“I’m rolling the dice and playing for hits,” Weinstein said in the early evening presentation at Casa De Mar before about 100 buyers at the American Film Market. All five projects have completed scripts.
It was the first announcement about the Furby movie. Hasbro executives Stephen Davis and Josh Feldman told the audience that the Furby film will be a live-action and CGI hybrid.
Furbys, the owl-like robotic toys with speaking capabilities in dozens of languages, caught on in the late 1990s. Davis, the company’s chief content officer, and Feldman noted that Hasbro has already seen significant success in Hollywood with the Transformers and Ouija franchises. Daniel Persitz and Devon Kliger wrote the spec that was sold to TWC.
“We think that this can resonate as a four-quadrant film,” Davis said. “It can’t just by a 90-minute commercial.”
There’s no director attached to the project as yet but Feldman evoked a laugh by quipping, “We’re out to David Fincher.”
TWC-Dimension has not had a success since last year’s “Paddington.” Bob Weinstein noted that TWC-Dimension is best known for fare aimed at mainstream global audiences such as the “Scream” and “Spy Kids” franchises while brother Harvey is in charge of the “risk-taking” projects through The Weinstein Company. He credited TWC President David Glasser with advising him to change course by focusing on fewer movies with bigger budgets.
“In the past, I was producing and releasing between seven and eight films a year and the quality suffered,” Weinstein added. “Going forward, I decided on bringing my productions to three or four year at the most. I’ve also decided to make them bigger budgets, more director and star driven but still with the idea of creating franchises of a bigger nature.”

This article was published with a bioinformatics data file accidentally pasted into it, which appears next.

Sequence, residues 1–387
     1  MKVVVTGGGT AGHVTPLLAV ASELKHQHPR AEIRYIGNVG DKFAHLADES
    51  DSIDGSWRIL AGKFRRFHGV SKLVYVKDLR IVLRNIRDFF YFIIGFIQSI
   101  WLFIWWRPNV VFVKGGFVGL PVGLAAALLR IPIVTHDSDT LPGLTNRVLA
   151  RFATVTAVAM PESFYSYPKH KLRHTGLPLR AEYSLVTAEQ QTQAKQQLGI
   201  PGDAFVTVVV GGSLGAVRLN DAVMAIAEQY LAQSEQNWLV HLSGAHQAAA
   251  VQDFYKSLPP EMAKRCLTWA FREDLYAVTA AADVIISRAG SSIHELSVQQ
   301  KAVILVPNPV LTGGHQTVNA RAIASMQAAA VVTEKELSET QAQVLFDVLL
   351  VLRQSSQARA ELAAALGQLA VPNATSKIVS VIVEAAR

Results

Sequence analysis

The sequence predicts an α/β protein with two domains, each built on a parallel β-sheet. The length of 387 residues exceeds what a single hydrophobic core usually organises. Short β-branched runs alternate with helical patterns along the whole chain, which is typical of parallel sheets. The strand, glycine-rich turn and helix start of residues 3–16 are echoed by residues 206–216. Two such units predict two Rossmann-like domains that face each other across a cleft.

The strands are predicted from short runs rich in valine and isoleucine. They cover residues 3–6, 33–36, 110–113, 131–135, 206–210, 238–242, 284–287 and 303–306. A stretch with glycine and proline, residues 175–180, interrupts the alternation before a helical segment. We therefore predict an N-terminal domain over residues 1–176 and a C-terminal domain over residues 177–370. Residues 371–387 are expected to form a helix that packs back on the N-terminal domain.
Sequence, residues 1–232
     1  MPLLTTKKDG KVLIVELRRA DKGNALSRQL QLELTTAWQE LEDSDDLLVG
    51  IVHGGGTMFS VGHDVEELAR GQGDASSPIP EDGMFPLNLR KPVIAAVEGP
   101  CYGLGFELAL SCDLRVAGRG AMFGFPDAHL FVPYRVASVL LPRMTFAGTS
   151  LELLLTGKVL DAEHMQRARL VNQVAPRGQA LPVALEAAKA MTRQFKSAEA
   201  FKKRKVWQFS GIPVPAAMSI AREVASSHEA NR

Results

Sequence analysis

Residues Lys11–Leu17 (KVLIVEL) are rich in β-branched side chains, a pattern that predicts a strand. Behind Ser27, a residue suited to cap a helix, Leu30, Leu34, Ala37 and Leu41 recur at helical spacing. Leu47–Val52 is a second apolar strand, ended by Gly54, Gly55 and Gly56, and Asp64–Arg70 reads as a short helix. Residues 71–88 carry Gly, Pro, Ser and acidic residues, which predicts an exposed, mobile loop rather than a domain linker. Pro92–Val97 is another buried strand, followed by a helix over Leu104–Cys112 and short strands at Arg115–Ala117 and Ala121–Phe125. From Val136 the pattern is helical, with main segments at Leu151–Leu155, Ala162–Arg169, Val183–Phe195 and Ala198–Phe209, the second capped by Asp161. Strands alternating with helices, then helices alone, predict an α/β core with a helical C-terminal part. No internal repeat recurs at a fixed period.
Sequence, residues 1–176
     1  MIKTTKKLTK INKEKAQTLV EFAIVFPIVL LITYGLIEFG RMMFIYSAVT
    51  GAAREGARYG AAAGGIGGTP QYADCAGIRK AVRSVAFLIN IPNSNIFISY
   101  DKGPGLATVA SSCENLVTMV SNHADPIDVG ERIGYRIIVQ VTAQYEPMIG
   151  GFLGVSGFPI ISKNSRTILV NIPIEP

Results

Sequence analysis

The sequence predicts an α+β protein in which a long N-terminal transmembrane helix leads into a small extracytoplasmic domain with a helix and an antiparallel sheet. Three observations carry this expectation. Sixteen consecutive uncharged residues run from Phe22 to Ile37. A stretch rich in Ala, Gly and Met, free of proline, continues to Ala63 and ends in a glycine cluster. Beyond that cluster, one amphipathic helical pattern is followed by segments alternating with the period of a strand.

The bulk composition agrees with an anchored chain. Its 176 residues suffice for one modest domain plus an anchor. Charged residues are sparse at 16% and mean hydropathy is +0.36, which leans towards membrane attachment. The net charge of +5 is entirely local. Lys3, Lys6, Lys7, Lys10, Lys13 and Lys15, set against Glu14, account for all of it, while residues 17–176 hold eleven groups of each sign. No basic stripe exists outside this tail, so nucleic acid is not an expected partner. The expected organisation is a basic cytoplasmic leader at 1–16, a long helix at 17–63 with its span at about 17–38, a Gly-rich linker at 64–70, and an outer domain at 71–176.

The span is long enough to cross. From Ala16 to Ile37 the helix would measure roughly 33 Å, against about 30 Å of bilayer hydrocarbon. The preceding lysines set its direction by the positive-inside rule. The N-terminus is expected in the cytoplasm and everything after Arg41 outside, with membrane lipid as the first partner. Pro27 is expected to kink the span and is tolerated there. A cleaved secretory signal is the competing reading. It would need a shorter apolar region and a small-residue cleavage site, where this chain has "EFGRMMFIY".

Mark Wahlberg followed with an enthusiastic endorsement of the upcoming “Six Billion Dollar Man” with director Damián Szifrón (“Wild Things”). Wahlberg previously worked with TWC on “The Fighter.”
He asserted that he’s not interested in most superhero projects. “I don’t care what it is, how much I’m getting paid, I’m not leaving my trailer in a cape,” Wahlberg said.
Director Lars Klevberg and producer Roy Lee touted “Polaroid,” based on Klevberg’s short film about a Polaroid camera that murders those who come in contact with it. Lee, who helped develop “The Ring” and “The Grudge” franchises, asserted that “Polaroid” will be a franchise starter — and a very scary movie.
Tim Hill made a presentation about the upcoming Robert De Niro comedy “The War with Grandpa,” in which a boy is forced to move out of his room when his recently widowed grandfather moves in. With the help of his friends, the boy devises outrageous pranks to make his grandfather surrender the room — but he turns out to be tougher than expected and all-out war ensues.
Christopher Walken and Eugene Levy have come on board to play the friends of De Niro’s character. “We are down to two kids; we’ll be shooting eight weeks starting in February in sunny Toronto,” Hill said.
Anne Fletcher (“The Proposal”) made a presentation about “Murder Mystery,” a story about an American couple in Europe who get caught up in murder mystery. She said the cast would have a strong international appeal and listed Helen Mirren, Eugenio Derbez, Colin Farrell, Jean Dujardin and Til Schweiger.